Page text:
So here are two smart new plays in two intimate theaters across town from one another, both with lovingly conceived productions. Here we see it once again: L.A. as an incubator of the kinds of works that simply wouldn't be born in other cities where union actors aren't permitted to goof off in projects they love, earning just a stipend for expenses. The question is, do the six union actors (of nine total) in John Fazakerley's play Corktown '57 at the Odyssey Theatre, feel that their dignity has been trodden on by their appearance in such a carefully designed and directed show. Would they be better served, as their union, Actors' Equity Association, is currently suggesting, if the Corktown Company, which produced the show, had jettisoned Joel Daavid's 1957-era Philadelphia basement set and Jackie Gudgel's era-evocative costumes, in order that the actors be paid $9 an hour for rehearsals and performances?
This presumes, perhaps wrongly, that the producers would even have produced the show at all. Would they be willing, in a nine-character play such as this, to have their shirts financially ripped off their backs by the union's new promulgated plan, rather than settle for those shirts being merely torn — i.e., settle for the current, comparatively modest financial losses that are de rigueur for L.A.'s up-to-99-seat theaters. Where lies dignity for the actors?
In a way, that is the question at the heart of the play itself, as well as in Micah Schraft's new play at the Elephant Stage, A Dog's House, in a splendid production by IAMA Theatre Company. Let's start there: Rachel Myers' gorgeous set places a generic, modern living room within an outdoor, brutal desertscape. Unemployed Michael (Graham Sibley) is in a panic. He was walking his Rottweiler, Jock, when he took a cellphone call regarding potential employment. He got distracted and turned his back.
Next thing he sees, Jock has mauled a neighbor's poodle, Phoenix, into bloody pieces, which Michael has now placed into a plastic bag. We learn this from the frenzied opening scene in which Michael conveys the details of the doggie debacle to his longtime girlfriend, Eden (Christine Woods), with whom he lives. The scene and eventually the play itself echo the moral wasteland in God of Carnage, which is why this very good play does not feel quite as original as it otherwise might. The play uses the canine battle, along with Michael and Eden's conflicted views on whether to tell the truth to Phoenix's grieving owners (Katie Lowes and Dean Chekvala), to open a window onto their deeply troubled pairing.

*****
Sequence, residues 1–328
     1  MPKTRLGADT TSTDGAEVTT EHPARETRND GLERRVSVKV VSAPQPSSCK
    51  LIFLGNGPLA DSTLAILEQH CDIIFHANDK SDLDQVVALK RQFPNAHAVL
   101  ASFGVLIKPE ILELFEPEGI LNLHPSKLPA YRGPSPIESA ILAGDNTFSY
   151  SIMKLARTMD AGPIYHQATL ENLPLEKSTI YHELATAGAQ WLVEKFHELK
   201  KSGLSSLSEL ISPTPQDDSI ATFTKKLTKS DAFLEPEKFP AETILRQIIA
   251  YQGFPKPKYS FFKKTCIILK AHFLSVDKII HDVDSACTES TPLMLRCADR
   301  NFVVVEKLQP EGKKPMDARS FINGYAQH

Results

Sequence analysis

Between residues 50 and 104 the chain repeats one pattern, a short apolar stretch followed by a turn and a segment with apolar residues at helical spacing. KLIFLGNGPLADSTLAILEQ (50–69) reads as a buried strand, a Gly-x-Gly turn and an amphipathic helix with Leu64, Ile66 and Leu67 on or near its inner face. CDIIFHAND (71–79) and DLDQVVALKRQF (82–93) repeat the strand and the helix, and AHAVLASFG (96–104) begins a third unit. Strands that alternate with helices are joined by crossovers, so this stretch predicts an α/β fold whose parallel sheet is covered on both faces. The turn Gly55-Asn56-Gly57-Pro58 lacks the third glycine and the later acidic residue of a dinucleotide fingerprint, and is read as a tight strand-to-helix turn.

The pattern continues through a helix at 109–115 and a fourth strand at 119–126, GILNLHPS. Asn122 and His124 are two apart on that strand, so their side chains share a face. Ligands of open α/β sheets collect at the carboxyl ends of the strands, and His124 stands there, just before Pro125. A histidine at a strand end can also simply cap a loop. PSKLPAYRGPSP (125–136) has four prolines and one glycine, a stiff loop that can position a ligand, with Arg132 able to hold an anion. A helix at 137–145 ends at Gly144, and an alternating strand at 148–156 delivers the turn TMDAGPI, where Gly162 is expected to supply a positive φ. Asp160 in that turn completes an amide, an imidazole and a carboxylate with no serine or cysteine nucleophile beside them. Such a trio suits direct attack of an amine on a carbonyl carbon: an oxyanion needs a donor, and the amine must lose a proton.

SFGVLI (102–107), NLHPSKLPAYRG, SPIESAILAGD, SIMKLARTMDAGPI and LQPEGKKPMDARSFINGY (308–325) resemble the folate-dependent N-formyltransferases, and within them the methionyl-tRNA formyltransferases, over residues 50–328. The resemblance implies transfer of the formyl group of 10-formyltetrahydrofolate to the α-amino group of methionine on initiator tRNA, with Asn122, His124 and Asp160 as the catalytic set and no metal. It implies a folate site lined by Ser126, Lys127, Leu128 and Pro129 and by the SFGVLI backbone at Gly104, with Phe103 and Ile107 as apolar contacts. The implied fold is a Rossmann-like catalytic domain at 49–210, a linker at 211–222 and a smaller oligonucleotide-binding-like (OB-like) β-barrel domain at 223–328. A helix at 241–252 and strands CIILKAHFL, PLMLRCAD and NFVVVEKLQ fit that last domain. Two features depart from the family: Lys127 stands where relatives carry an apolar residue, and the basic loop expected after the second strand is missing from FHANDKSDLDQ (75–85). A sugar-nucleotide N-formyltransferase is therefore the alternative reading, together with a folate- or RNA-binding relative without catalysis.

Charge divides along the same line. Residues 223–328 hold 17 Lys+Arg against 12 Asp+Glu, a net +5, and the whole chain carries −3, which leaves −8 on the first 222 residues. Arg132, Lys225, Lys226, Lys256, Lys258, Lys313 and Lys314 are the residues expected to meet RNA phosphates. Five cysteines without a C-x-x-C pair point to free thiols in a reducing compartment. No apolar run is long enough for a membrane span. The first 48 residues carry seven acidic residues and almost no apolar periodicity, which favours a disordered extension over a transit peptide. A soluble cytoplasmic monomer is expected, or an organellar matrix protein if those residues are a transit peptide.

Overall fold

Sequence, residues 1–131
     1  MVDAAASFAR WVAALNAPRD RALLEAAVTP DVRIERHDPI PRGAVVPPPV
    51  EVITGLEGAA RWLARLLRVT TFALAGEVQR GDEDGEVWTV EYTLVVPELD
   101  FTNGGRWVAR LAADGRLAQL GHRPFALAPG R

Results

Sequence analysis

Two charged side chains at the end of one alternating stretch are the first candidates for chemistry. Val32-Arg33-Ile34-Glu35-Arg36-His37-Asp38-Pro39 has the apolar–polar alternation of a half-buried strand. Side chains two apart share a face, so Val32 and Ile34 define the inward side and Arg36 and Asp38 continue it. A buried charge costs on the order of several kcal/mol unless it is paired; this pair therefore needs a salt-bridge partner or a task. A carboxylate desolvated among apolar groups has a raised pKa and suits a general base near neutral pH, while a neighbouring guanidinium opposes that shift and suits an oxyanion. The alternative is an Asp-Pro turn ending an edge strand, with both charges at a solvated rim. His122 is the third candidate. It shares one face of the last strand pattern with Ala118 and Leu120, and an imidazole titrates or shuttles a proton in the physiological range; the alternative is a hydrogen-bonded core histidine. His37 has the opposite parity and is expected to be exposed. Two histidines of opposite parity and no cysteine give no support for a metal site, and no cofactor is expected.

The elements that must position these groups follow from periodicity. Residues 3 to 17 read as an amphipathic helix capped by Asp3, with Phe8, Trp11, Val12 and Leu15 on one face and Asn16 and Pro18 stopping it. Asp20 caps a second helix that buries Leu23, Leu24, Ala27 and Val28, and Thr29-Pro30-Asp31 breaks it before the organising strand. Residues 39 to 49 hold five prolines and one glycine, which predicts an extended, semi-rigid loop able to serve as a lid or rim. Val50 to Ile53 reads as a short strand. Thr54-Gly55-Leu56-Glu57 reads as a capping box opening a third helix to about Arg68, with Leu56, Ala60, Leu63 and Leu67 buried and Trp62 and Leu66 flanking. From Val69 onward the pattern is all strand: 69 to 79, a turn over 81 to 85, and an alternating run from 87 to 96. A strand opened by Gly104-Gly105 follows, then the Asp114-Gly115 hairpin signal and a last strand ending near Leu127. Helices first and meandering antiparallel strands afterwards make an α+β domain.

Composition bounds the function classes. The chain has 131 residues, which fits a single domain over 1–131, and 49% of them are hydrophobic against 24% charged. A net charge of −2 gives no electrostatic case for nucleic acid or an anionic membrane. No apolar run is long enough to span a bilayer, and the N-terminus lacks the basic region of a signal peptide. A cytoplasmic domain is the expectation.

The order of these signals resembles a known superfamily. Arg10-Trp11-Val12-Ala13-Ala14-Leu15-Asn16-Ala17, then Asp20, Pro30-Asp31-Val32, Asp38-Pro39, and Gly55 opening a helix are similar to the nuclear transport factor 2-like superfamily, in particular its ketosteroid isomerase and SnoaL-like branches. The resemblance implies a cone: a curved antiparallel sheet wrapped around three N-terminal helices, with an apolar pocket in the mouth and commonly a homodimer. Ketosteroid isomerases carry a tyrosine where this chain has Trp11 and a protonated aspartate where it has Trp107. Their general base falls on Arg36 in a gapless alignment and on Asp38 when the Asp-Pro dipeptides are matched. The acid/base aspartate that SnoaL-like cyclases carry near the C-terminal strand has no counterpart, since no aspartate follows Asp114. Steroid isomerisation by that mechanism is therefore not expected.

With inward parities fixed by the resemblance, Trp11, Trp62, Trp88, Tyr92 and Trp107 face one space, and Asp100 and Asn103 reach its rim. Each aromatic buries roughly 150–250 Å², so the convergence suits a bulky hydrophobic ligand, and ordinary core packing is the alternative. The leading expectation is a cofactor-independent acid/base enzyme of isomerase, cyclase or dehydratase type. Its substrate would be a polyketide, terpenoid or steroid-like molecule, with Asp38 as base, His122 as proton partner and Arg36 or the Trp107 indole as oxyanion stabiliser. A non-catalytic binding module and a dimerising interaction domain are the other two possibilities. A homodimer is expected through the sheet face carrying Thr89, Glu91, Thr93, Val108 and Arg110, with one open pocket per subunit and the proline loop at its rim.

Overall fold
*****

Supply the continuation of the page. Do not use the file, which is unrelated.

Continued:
They never do tell the whole truth, opting instead to perpetuate a charade of ignorance via posting "missing dog" posters around the neighborhood and blaming coyotes. This serves a certain philosophical view of human nature, but hampers the drama's potential. The play almost aches for an Edward Albee–like showdown, where the human canines let body parts fly. That potential certainly resides in Chekvala's marvelously demented Bill, the kind of neighbor you'd sell your home to avoid meeting.
Director Trip Cullman has these fine actors rolling along beautifully, with jocular music to punctuate scene transitions, setting an oh-bla-dee, oh-bla-dah tone. It isn't as deep as it might be; then again, neither is the play.
Corktown 57 unfolds entirely in the Irish-quarter grocery-shop basement of Frank Keating (John Ruby), who's having difficulties with his wife (Natalie Britton, in a nicely textured performance). Frank's brother John (Andrew Connolly), whom Frank has never met, is in from England. Though an Irishman, John is now a general in the British Army. Worse, he once served in the dreaded paramilitary Black-and-Tans regiment, which slaughtered IRA revolutionaries en masse. That was then, and this is now. Actually this is then (1957) looking back on another then (1920s). It's like a reflection of a reflection.
How will John's appearance and mission to temper the IRA's radical fringe, and his own feisty sister, Kate (Rebecca Tilney), play out? Well, like an old Irish political drama, very nicely performed by the game ensemble, in the staging by Wilson Milam (Broadway's The Lieutenant of Inishmore). Frank's crusty father (Nick Tate) greets his estranged son with the blessing, "Go feck yourself, you feckin' bastard. Go tell your fecking Churchill to get the feck out of Ireland." This is actually the shrew that John must try to tame.
The play raises questions on the nature of radicalism and appeasement that are more allegorical than immediate. Still, it takes you to another place and another time with considerable grace and humor.
Corktown '57 at Corktown Players at Odyssey Theatre, 2055 S. Sepulveda Blvd., West L.A.; through May 3. (310) 960-5770, plays411.com/corktown
A Dog's House, IAMA Theatre at the Elephant Theatre, 6322 Santa Monica Blvd., Hollywood; through April 26. iamatheatre.com
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Correction: An earlier version of this article had the wrong spelling of Nick Tate.
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